The A-League has never been more watchable
The A-League has carried an undesirable reputation in the past for at times being cringe-worthy and difficult to watch.
The league has suffered from a poor tempo, teams’ inability to retain possession and a lack of quality in key areas.
For example, Australian players have often lacked the presence of mind to play the right ball, deterring some football connoisseurs. Many fans, hungry for some true footballing pedigree, have felt inclined to watch football from the European leagues.
But the Melbourne derby, which also served as the opening game of the season, gave us an indication that the competition has finally turned a corner after eight seasons.
The gradual improvement of the league has resulted in a larger pool of home-grown talent. This talent is now discovered and nurtured more rapidly and effectively.
From within the junior and senior ranks there are more cogent systems in place to recognise and develop the prodigious. As a result, the A-League has become a much more attractive prospect for overseas players.
Every year the quality of player the A-League attracts improves, and this year was no different. The acquisition of Alessandro Del Piero, Emile Heskey, Shinji Ono and Richard Garcia has again given us a talented list of footballers who have enjoyed illustrious careers.
These players should prove to be lucrative signings both on and off the field in their debut seasons.
On Friday night, Garcia, a man who was an integral part of Hull City during the club’s tenure in the top-flight of English football from 2008-10, proved his worth in what was a sharp and definitively watchable A-League opener.
Although Garcia’s arrival was overshadowed by the likes of Heskey and Del Piero, the midfielder played a key part in a high quality clash between the Melbourne clubs.
The game featured qualities which are commonly attached to a higher grade of football – qualities that the A-League has been missing since its introduction.
Traditionally, A-League matches which are built up in the same vein as the Melbourne derby have tended to be cautious and anti-climactic on the day.
Coming into the fixture, there was some inevitable scrutiny of these two clubs and the manner in which they have refreshed their squads for season 12/13.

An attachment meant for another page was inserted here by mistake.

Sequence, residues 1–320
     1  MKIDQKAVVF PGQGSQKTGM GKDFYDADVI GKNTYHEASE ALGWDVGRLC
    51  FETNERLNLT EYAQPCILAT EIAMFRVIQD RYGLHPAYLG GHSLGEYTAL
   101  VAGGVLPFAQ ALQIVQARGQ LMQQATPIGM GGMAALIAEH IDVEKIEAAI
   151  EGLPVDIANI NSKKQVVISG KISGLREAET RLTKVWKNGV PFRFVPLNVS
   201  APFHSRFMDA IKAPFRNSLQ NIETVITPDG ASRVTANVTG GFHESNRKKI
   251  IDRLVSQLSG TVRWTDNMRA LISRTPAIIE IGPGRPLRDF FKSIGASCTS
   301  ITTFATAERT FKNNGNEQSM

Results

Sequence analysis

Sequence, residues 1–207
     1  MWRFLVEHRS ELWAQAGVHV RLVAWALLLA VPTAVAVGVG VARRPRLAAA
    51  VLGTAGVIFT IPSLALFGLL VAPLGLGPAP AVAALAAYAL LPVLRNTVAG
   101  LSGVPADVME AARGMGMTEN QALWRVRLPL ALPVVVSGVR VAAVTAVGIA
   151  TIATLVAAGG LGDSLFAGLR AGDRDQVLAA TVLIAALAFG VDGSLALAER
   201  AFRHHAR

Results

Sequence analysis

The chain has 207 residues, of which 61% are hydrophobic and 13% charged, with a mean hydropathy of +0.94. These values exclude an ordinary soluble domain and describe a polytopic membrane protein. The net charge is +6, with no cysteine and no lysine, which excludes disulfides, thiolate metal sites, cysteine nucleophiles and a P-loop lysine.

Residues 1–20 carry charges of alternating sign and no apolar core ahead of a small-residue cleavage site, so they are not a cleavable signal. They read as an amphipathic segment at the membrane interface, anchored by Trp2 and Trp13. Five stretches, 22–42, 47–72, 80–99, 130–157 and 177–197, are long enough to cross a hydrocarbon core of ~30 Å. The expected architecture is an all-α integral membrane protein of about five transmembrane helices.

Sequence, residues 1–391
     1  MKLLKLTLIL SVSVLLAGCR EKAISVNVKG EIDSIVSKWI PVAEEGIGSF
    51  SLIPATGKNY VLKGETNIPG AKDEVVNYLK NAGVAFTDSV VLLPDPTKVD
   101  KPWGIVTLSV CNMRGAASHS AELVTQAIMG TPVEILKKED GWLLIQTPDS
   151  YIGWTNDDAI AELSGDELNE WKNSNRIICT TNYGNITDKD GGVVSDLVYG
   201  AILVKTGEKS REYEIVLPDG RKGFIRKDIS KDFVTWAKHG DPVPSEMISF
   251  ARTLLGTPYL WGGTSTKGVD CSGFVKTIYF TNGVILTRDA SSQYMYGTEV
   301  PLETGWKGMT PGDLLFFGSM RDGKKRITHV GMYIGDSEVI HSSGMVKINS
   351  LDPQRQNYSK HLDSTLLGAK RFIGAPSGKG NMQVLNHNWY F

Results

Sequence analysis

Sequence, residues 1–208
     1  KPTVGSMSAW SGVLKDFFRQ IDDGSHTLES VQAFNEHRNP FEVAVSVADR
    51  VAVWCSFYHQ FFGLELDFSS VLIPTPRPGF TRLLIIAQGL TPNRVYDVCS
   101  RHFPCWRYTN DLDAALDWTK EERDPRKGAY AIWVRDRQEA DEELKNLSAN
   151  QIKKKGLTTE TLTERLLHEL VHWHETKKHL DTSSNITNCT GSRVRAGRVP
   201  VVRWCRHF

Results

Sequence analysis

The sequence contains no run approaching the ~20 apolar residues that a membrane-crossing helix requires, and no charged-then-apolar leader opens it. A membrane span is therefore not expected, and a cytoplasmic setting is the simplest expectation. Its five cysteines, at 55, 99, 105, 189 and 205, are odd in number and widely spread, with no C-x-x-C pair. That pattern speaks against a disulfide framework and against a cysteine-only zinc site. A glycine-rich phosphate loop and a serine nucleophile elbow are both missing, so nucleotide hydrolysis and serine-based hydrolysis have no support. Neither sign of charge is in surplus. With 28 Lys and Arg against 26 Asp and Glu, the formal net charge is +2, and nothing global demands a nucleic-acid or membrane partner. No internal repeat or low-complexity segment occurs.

Both clubs boasted new coaches and a series of personnel changes from last season. As a result, some expected this match to either flourish or flop spectacularly.
But, rather refreshingly, and to the relief of the footballing public, the league’s opener managed to live up to its lofty expectations, and perhaps even exceed them in certain areas.
The game was far from a rash, physical affair, unlike past encounters. Friday night’s game was a pulsating, end-to-end tussle of high quality attacking football, the sort of contest that A-League fans have been craving for years.
The match featured characteristics that were either unseen or inconsistently present in seasons past. Players were able to retain the ball for longer periods and pick the right pass, and the tempo was fast and fluid.
But perhaps most crucially, the players displayed greater technical ability than we are used to – more evidence of a term that has become a football cliche in the modern era, namely ‘class’.
Two excellent runs in behind the defence from Marco Rojas and Dylan Macallister, accompanied by sublime deliveries from Mate Duganzic and Archie Thompson, resulted in goals for their respective clubs.
Both were an utter joy to watch, and both signified landmark moments in the league’s history from an aesthetic footballing perspective.
Unlike matches before it, this Melbourne derby has set the tone for not just the weekend ahead but perhaps the rest of the season. It could be the catalyst for a higher grade of football, which has largely eluded fans thus far.
The drastic improvement in the game’s quality has provoked a craving for more; an expectation that this is just the beginning.
If these two clubs can produce a game of such quality from the onset, it’s hard not to ponder what could follow once every club’s squad is match-fit. The league’s potential is undoubtedly exciting.
It may be slightly hasty to hype up the A-League’s ninth season after a solitary game, but the 42,032 fans who flocked to AAMI Park probably drew similar conclusions.
Friday’s encounter gave us an indication that the A-League has transformed from a rudimentary stepping stone, vulnerable to ridicule, to a league which has a real presence and is genuinely on the rise.
The league is more watchable than ever before. The fans must now believe that it was always a worthy project.
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